Biking in a Wool Shirt: Icebreaker’s Chase Crewe

10 08 2009

I know there are a million gear review sites out there, and I don’t intend on turning this blog into one of them. But sometimes I come across products that aren’t the average fare that seem worth sharing. Here’s the first official Bacon Betty gear review.

Yesterday was a beautiful August day – by Maryland standards – moderately humid and about 85 degrees. So, I was a little reluctant to wear a merino wool performance tee for the long ride we had planned. I’m super sensitive to scratchy stuff next to my skin and clothing that clings because it’s walking the fine line between drapey and snug. (Shut up, you know it bugs you too!)

I was lucky enough to take home an Icebreaker Chase Crewe from this summer’s Outdoor Retailer. The company was part of a media event that I attended and I got to hear the story behind the products and the benefits of using merino wool as a performance fabric. Merino wool, as many are familiar with, is the magic behind several popular brands on the market – it’s what makes Smartwool my favorite sock brand.

In my professional life as the owner of a graphic design firm, I focus on telling my clients’ brand stories to attract loyal customers, so I was particularly interested in hearing about how Icebreaker sources their wool from New Zealand. Each garment has a “Baacode” on its tag which the owner can use to trace the impact of the pieces they purchase, from environmental to manufacturing to animal welfare.  The fiber in my shirt came from farms in Glen Orkney and Stonehenge, both on South Island, NZ.

Performance-wise the lightweight (180) shirt wicked sweat (there’s always plenty of that) better than my synthetic shirts and dried quickly. I was a little worried about the red color bleeding onto my skin when it got soaked, but no color ran.

Icebreaker SS Chase Crewe in Salsa

Icebreaker SS Chase Crewe in Salsa (image courtesy Icebreaker)

There’s a zipper pocket on the right hip, with an eyelet to run a headphone cable through, that would comfortably hold an iPod shuffle or other small mp3 player. I definitely wouldn’t put my heavier iPhone in it, though, as the fabric stretches.

The seams are nice and flat and the fabric wasn’t itchy at all and didn’t creep up my back under my hydration pack (big plus over synthetic shirts).

There are a few reflective bits in the design, but the garment is “designed for high performance mountain sports” and my use only happens during daylight.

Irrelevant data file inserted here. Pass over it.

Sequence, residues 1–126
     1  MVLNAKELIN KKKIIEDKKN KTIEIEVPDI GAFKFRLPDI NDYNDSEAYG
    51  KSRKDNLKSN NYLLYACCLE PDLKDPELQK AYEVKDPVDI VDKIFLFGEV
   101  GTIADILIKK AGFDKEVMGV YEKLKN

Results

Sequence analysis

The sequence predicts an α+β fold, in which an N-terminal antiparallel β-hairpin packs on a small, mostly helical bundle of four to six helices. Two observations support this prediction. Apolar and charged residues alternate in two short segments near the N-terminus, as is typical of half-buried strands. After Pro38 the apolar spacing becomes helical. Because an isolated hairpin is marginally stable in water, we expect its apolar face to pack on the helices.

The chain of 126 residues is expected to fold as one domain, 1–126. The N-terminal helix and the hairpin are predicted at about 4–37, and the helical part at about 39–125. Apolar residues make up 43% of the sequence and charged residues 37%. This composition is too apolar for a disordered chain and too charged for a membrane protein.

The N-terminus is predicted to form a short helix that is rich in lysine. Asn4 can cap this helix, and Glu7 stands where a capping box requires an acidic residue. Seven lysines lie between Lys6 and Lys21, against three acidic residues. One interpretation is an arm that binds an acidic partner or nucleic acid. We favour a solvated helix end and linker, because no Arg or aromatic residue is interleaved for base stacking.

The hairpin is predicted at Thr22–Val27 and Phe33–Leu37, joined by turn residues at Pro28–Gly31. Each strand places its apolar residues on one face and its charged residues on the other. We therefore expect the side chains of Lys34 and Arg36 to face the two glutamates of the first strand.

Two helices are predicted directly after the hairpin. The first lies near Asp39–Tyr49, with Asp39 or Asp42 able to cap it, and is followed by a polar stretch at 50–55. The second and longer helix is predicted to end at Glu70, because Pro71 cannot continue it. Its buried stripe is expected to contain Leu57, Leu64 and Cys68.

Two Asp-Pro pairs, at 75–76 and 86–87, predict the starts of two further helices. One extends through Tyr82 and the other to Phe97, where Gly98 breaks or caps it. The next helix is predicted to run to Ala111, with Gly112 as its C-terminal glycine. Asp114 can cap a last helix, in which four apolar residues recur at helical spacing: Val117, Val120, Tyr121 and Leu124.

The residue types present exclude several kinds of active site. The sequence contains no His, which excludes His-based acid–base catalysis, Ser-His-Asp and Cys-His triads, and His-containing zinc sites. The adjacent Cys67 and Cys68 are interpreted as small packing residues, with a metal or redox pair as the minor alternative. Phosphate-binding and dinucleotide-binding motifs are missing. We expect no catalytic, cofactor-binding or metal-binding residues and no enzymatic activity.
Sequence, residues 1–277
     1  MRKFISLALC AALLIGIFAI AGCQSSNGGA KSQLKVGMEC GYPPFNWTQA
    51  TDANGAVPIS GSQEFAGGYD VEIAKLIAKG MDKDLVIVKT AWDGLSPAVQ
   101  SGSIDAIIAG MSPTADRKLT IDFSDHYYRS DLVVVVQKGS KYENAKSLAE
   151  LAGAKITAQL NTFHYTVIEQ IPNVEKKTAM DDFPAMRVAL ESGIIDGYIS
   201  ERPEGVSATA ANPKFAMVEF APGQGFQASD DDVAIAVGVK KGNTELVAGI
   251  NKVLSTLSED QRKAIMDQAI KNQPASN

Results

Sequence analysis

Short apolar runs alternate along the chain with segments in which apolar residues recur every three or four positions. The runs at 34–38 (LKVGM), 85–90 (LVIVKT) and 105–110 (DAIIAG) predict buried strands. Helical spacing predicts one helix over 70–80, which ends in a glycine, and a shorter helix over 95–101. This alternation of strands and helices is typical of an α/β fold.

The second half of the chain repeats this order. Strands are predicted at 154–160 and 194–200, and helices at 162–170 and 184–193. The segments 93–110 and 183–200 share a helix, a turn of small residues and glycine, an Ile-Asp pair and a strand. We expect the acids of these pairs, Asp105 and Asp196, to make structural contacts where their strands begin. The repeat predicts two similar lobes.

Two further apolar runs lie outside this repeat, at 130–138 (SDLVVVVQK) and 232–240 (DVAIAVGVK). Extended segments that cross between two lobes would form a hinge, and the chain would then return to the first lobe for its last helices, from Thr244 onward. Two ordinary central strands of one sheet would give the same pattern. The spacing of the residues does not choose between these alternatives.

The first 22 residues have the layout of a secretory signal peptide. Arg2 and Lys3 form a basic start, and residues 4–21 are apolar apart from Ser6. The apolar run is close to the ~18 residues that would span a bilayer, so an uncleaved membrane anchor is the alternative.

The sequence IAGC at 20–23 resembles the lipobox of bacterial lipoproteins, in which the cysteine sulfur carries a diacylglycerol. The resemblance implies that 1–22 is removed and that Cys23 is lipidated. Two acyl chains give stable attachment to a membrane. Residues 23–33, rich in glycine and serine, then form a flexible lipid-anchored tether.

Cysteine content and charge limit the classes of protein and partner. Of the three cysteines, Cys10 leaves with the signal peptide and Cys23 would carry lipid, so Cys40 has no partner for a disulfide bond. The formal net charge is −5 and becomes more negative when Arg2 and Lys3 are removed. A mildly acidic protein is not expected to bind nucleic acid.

At $64.99, the purchase price is a little prohibitive, but I’d definitely recommend trying out this top for summer mountain biking. I also plan on using this for running as the summer cools down and for an early/late season base layer for snowboarding.

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Trail Lessons for Real Life

9 08 2009

I honestly don’t know how I have time to think up outlines for my posts while I should be paying attention to not killing myself pedaling and maneuvering my bike, but here’s today’s genius:

DON’T GET COCKY
Start easy. Don’t leave for a road trip in a hurry…do your research before starting a new project at work…count all of your hardware before putting that Ikea bookshelf together. Give yourself time to warm up and the rest of the ride will be more manageable.

THERE WILL BE BABY HEADS
Say you’re bombing down a hill dodging rocks and a stump rips your foot from your pedal, smashing your ankle into your bike frame and sending you to a flailing stop…just sayin’. Surprises happen. Things come up. Rolling with the unexpected is a learned behavior, but one that will benefit you personally and professionally.

SOMETIMES IT’S NOT YOUR DAY
Mom used to tell you that, right? It’s the truth. Some days you’re on it, some days you can’t get it together. Don’t dwell. Get over it and do the best you can right now. Tomorrow’s a new day.

LINE YOUR SHIT UP
Plan ahead. As with mountain biking, so with life. Don’t over plan, but know when it’s necessary to do a little thinking ahead. Choose your line for a smoother ride.

ENJOY THE PAUSES
Those mountaintop rests are good for the soul (and the quads). You can’t do yard work all weekend every weekend, or toil away at your desk for 12 hours a day for weeks at a time. Taking breaks, even short ones, rejuvenates you. Without rest you can’t be ready for the next challenge.